Social Activist Dies in Nevada
Sometimes, greatness is not measured in celebrity status or grand acts. It can be quieter than that, deeper than that. A woman who has left the world recently reminds me of the greatness one can achieve in the simple act of
the way one lives one's life.
Probably, you've never heard of Brenda Mendiola. It's a shame. It's also
very understandable; She wasn't from Portland, and she wasn't a person who
chased the spotlight. But she was worth knowing. Her work was quiet and
often uncelebrated, but the world will be a little bit colder without her.
Brenda was a social worker form the Old School, the way it was before it
became a "profession." She was a deeply spiritual woman with a quiet faith
in God and humanity that I often found as inspiring as it was baffling. She did her praxis in the world face to face, one person at a time. When I met her, she was struggling her way through graduate school, while also working at a tiny treatment center on a shoe-string budget. She provided services to people with "dual diagnoses," meaning they had addiction problems and mental health issues. Most of them had just come from the prison system. All of them were grateful to meet Brenda.
She provided counsel and aid, not out of some misguided sense of charity,
but out of a sense of solidarity and mutual aid. She had a sincere
belief that we are all in this together. She did not preach, she did not judge, she did not pontificate. She shared of herself and her resources, and she called it like she saw it. Her talent as a social worker was born out of experience; She had been there.
By the time I met her, Brenda had been clean and sober, as they say, for at least a decade. Before that, though, she had struggled for many years with a raging heroin addiction and an apparent need to drown herself in whatever else she could find. She had watched one of her best friends die in her arms from an overdose. She'd been in and out of jail, and done some hard time. She had been left with scars, some of which would never heal. Yes, Brenda had paid her dues. She knew what it was like to be in the belly of the beast, and she knew how to raise her voice and her fist against it all when she had to. This gift would come in handy in the service of others as well as herself.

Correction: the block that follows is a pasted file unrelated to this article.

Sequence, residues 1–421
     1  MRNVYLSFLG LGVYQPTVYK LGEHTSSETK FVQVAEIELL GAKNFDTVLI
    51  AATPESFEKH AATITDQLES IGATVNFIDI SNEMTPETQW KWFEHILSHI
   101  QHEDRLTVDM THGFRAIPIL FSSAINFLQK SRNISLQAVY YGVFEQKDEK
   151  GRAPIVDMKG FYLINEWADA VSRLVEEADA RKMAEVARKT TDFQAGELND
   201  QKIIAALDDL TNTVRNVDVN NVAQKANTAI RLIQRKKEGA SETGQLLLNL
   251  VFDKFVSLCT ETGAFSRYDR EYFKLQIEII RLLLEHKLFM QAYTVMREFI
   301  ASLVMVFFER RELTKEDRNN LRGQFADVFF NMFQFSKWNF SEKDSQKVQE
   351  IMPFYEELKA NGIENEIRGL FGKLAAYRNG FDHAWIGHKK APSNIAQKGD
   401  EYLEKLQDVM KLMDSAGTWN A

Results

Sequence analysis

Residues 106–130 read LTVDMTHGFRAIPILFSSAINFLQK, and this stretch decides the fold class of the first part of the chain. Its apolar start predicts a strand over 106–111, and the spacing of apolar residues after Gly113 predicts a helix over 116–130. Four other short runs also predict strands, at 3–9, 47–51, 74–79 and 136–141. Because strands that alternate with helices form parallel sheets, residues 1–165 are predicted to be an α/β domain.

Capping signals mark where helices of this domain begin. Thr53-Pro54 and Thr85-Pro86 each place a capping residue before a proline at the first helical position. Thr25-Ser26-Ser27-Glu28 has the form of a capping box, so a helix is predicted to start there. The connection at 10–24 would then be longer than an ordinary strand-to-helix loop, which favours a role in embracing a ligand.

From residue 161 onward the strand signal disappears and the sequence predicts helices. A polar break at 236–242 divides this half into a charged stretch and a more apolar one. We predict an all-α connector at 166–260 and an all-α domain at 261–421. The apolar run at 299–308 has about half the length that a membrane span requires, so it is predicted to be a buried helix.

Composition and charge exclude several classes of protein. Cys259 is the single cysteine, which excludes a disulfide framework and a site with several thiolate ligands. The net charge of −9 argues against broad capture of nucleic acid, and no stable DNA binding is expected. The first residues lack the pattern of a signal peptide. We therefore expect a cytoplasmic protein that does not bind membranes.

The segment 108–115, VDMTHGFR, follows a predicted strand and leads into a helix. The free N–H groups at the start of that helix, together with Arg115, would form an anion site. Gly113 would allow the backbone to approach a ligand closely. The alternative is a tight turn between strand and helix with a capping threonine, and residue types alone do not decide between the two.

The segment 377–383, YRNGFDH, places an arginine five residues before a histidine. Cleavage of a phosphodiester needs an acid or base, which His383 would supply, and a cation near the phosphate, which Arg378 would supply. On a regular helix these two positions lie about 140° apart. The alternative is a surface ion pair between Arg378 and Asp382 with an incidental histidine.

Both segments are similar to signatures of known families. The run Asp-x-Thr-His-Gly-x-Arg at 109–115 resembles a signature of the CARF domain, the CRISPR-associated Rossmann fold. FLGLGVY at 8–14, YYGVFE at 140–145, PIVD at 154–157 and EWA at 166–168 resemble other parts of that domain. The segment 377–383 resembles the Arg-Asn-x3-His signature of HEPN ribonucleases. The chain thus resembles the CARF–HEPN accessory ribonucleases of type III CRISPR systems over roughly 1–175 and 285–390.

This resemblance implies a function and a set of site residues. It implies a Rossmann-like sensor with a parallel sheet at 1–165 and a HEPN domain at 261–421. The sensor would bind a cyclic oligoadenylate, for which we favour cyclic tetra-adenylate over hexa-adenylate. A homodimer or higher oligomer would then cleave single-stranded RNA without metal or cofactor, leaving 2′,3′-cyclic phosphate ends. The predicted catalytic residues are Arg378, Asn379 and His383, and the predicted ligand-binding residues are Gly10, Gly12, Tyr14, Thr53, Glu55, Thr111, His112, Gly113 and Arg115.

She had a strong spirit and she was a long way from the gutters she had known when I met her. She had cleaned up, found God, fallen in love, and learned that every day was a gift. She was now, as she said, "giving back." But she was no Hallmark saint. She didn't like dogma and never indulged in it. She was a vegan, she rode a Harley, and she never took any crap from anyone. Her most passionate cause was fighting the injustices of the prison industrial complex. She understood the predatory, parasitic nature of the "justice" system with regard to people who are poor, people who are not white, or people with mental health problems. Shoulder to shoulder, she fought with them all. Relentlessly, she struggled to pull everyone she could out of the system's grasp.
Brenda worked at the Equal Opportunity Board treatment center in Las vegas
for 9 years. She was proud of the contributions she made there -- she
brought in grants that funded shelter for hundreds of people, she developed